Norwalk drug dealer gets 12 years in federal prison

TOLEDO - A Norwalk man was sentenced to 12 years in a federal prison Monday in the western division of the U.S. District Court, Northern Division of Ohio.
Norwalk Reflector Staff
Jul 25, 2010

 

TOLEDO — A Norwalk man was sentenced to 12 years in a federal prison Monday in the western division of the U.S. District Court, Northern Division of Ohio.

Michael D. Baker, 43, most recently of 4645 Laylin Road, was convicted of one count of conspiracy to distribute marijuana and cocaine after a federal trial that ended Nov. 30. He was one of 16 suspects arrested at the conclusion of a Drug Enforcement Administration (DEA) investigation that lasted from April 2001 through October 2005.

Huron County Sheriff’s Capt. Bob McLaughlin is pleased with Baker spending the next 144 months behind bars. He was one of 15 to 20 witnesses, which included a co-defendant and multiple police officers.

“I think it’s good for Huron County,” the drug investigator said. “It seems appropriate to me.”

McLaughlin said Sheriff Richard Sutherland should be pleased because Baker didn’t just use the Laylin Road residence as a “stash house,” but had been selling marijuana and cocaine in the county for “a number of years.”

U.S. Assistant Attorney Joe Wilson said Baker’s prison term was “driven” by a mandatory sentence, meaning the judge couldn’t put him behind bars for less than 10 years. Wilson called the defendant a “career offender” since he had two previous drug trafficking convictions in the early 1990s, one stemming from a Wood County incident.

Early in the local investigation, Mark Apple, an agent with Ohio Bureau of Criminal Identification and Investigation (BCI&I), requested McLaughlin check Laylin Road for Baker’s vehicle after the defendant moved from Fostoria. The detective said authorities then started a surveillance of the home.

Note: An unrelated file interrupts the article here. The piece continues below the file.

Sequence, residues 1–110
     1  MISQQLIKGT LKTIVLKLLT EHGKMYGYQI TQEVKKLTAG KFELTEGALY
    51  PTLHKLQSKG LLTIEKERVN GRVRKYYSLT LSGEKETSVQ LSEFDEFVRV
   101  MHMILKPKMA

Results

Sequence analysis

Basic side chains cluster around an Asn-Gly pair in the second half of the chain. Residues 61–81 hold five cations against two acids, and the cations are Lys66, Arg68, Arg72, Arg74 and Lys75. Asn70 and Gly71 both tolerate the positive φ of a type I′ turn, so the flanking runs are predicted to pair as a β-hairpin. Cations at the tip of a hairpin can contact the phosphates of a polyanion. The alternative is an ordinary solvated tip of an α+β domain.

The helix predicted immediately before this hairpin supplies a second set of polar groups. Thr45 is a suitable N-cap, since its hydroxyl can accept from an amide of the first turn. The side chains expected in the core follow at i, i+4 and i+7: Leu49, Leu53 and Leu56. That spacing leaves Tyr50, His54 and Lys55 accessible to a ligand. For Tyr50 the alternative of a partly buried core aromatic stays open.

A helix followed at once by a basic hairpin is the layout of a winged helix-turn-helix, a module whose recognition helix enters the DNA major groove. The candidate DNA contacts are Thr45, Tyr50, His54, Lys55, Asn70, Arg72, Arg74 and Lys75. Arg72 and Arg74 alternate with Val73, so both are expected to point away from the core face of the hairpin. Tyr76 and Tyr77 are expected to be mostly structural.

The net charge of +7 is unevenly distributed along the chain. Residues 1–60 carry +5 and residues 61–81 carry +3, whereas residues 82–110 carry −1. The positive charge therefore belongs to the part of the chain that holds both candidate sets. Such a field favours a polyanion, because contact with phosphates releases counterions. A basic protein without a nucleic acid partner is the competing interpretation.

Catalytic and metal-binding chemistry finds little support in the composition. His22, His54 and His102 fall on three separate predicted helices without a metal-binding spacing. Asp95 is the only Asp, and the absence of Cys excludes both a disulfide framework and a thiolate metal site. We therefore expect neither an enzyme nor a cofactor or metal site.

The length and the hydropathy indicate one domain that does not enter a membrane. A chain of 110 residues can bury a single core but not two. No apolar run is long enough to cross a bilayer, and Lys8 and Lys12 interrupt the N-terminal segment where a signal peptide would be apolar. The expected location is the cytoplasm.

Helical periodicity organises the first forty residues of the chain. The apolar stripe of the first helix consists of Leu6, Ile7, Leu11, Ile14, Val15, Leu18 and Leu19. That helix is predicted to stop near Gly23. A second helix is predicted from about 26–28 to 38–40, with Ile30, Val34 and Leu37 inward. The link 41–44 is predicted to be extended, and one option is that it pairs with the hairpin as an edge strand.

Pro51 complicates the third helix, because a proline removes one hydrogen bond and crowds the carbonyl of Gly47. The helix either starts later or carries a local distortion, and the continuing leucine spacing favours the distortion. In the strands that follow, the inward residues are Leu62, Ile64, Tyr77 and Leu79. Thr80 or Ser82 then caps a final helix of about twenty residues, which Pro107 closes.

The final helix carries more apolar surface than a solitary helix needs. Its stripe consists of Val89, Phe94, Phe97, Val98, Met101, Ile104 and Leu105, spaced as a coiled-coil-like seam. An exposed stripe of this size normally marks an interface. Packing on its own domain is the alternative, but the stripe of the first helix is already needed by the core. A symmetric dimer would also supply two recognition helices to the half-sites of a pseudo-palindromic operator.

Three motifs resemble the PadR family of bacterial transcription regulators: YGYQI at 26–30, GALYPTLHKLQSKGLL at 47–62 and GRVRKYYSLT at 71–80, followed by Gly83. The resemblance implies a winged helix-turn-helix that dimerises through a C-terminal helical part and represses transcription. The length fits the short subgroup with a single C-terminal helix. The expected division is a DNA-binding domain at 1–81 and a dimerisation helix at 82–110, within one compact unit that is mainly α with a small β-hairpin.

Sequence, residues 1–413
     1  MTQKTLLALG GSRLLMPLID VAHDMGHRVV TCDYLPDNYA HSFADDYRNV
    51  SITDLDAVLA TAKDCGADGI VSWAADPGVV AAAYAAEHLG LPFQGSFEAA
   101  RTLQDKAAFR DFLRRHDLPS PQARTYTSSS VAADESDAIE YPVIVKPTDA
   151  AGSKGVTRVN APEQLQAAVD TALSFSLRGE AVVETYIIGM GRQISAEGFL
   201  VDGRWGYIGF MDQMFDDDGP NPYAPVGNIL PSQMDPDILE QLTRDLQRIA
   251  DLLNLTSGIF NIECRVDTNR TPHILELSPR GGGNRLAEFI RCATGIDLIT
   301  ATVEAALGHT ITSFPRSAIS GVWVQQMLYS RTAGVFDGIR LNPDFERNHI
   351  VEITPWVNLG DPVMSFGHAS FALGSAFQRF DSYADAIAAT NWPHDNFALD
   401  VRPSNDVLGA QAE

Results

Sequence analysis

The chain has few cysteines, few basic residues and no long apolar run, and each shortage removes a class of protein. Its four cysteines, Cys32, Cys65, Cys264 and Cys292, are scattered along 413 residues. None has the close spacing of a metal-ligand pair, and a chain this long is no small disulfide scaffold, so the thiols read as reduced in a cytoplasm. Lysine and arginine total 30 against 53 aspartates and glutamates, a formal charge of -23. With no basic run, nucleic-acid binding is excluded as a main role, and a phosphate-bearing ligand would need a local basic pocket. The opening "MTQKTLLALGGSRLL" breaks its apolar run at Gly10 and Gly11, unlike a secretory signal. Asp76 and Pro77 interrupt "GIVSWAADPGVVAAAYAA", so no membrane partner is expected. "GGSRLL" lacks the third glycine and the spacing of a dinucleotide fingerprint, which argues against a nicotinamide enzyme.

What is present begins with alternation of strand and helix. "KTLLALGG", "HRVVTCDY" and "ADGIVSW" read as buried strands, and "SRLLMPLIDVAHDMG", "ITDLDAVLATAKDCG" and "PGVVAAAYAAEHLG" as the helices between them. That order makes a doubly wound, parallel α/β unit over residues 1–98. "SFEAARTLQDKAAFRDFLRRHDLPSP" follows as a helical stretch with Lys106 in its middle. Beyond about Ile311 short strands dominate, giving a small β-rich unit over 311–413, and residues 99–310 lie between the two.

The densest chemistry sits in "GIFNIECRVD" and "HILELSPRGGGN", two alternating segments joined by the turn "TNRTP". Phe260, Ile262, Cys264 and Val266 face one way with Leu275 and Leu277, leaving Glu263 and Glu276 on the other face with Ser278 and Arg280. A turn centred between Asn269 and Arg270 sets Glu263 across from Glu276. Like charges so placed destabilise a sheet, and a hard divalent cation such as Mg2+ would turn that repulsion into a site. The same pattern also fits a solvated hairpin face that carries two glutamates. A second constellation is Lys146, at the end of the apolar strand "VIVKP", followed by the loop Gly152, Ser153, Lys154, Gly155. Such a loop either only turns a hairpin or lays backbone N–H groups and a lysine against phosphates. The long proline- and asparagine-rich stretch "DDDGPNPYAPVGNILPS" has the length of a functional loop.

“He (Baker) set up shop and rented the house at Laylin Road,” said McLaughlin, who worked with the 10-county drug task force METRICH during the investigation.

Investigators discovered Baker was dealing drugs through tips from confidential informants, Wilson said, one of whom bought 8 ounces of cocaine from Baker at a Townsend Avenue business Aug. 14, 2003.

McLaughlin earlier estimated Baker sold drugs with a street value of “hundreds of thousands of dollars” and had people deliver drugs and money to his Laylin Road home.

Wilson said he appreciated the “extraordinary cooperation” and was grateful of the support from local law enforcement officials in investigating and convicting Baker. The prosecutor attributed the success of the case to Apple and fellow BCI&I Agent Kip Lewton, who “spearheaded this whole thing.”

Baker was the main target in the investigation that eventually led to 28 suspects being indicted and convicted. Co-defendant David K. Scott, 38, of 829 Woodbine St., Willard, testified against Baker. Scott, who is out on bond, also has been convicted of conspiracy to distribute marijuana and cocaine.

No sentencing date has been scheduled yet for Scott, but Wilson said the hearing should happen in the next 30 to 60 days.